The UK’s busiest airlines have seen a significant increase in flight delays over the last five years, according to consumer watchdog Which?
It looked at Civil Aviation Authority data for the arrival times of 10 million flights between 2014 and 2018.
It found that the number of Ryanair flights delayed by an hour or more doubled in the past five years, from three per cent in 2014 to nearly eight per cent in 2018.
Easyjet also saw an increase from under five per cent in 2014 to almost nine per cent last year. Hungary’s Wizz Air went from three per cent to over six per cent.
Thomas Cook passengers were the most likely to face a delay of at least an hour, with 11.5 per cent of flights arriving at least an hour late.
Ryanair responded in a statement: “These Which? figures are inflated and inaccurate. They refer to 2018, which was the worst year on record for [Air Traffic Control] delays in Europe.”
Easyjet and Thomas Cook also argued the delays were due to factors outside of their control, such as airspace, weather and strikes.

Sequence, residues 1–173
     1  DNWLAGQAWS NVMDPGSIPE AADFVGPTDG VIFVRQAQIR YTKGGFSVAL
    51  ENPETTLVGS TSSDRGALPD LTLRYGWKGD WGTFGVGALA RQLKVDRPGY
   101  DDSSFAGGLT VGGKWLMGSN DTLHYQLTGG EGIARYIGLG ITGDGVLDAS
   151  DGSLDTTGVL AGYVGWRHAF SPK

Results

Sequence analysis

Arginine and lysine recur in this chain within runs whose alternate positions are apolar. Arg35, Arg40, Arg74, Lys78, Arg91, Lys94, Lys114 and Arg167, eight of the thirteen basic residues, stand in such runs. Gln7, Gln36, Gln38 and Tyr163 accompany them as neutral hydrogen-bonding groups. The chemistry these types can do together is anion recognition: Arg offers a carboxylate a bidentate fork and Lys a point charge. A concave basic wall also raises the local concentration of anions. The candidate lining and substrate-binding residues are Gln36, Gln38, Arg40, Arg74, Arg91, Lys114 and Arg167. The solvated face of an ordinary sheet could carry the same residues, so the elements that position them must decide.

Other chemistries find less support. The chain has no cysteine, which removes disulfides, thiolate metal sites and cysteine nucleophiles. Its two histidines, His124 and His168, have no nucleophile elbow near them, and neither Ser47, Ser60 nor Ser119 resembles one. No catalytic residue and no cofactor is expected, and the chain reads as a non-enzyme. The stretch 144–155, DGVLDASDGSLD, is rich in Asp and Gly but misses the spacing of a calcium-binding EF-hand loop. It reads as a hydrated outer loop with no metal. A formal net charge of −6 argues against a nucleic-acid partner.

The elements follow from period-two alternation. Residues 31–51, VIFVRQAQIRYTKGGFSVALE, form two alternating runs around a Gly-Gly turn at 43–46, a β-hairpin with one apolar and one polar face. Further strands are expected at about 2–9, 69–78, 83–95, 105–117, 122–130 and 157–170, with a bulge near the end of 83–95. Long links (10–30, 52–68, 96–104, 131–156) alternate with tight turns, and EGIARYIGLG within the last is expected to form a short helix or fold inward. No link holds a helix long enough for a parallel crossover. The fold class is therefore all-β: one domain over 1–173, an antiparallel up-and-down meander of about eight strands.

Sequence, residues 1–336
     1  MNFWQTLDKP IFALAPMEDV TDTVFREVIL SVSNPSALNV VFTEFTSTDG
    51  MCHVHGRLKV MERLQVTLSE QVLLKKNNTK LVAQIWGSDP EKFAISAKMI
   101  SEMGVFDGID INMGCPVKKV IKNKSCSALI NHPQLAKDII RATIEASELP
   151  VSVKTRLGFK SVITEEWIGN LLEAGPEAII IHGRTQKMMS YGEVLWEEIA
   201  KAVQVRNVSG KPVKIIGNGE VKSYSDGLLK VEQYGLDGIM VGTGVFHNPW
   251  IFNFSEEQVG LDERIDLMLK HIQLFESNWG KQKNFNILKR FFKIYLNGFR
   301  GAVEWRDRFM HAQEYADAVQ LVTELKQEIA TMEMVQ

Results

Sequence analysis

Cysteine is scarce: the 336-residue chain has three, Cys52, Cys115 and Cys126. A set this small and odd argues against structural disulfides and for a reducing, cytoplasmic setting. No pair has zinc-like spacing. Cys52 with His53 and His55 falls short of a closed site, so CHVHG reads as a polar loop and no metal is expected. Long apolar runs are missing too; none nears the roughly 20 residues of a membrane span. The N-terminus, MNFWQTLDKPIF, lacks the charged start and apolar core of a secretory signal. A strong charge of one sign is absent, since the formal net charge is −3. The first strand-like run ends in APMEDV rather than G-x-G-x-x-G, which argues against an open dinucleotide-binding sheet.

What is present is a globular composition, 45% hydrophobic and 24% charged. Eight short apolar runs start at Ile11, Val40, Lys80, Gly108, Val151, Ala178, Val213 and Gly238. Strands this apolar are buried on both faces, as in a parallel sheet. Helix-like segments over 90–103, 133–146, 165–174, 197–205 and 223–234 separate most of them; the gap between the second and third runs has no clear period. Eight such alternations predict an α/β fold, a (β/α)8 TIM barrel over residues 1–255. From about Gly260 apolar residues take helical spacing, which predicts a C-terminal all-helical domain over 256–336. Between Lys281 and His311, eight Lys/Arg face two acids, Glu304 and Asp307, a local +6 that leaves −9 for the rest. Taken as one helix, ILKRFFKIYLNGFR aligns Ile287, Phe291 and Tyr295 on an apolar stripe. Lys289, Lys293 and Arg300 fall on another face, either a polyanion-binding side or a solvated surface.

KLM was the least likely to be delayed, with two per cent of flights delayed by an hour or more in 2018.
Budget British airline Jet 2 reduced the number of delays of one hour or more from 5.9 per cent in 2014 to 5.3 per cent in 2018, while also more than doubling its operations.
British Airways also improved its punctuality, with 4.5 per cent of flights delayed in 2018 compared to 4.7 per cent in 2014. However it has seen a number of other issues, including hundreds of flights being cancelled after an IT failure in 2017.
Passengers are currently facing disruption due to a planned pilot strike in September.
Cancelled flights were not included in the Which? survey.
Which? found that Stansted was the worst UK airport for delays, with ten per cent of departing flights delayed by an hour more, twice as many as at Heathrow.
“On-time performance” statistics can prove controversial, with Ryanair judged to be among the most punctual airlines in other surveys that looked at the number of flights arriving 15 minutes late or more. Some also accuse airlines of “schedule padding”, where they increase the stated flight time in order to improve the appearance of punctuality.
Passengers are only entitled to compensation under the EU’s regulation 261 when a flight arrives three or more hours late and the delay is “within the airline’s control”.
When flights are delayed by two hours, the airline must offer assistance in the way of food, drinks or accommodation if required.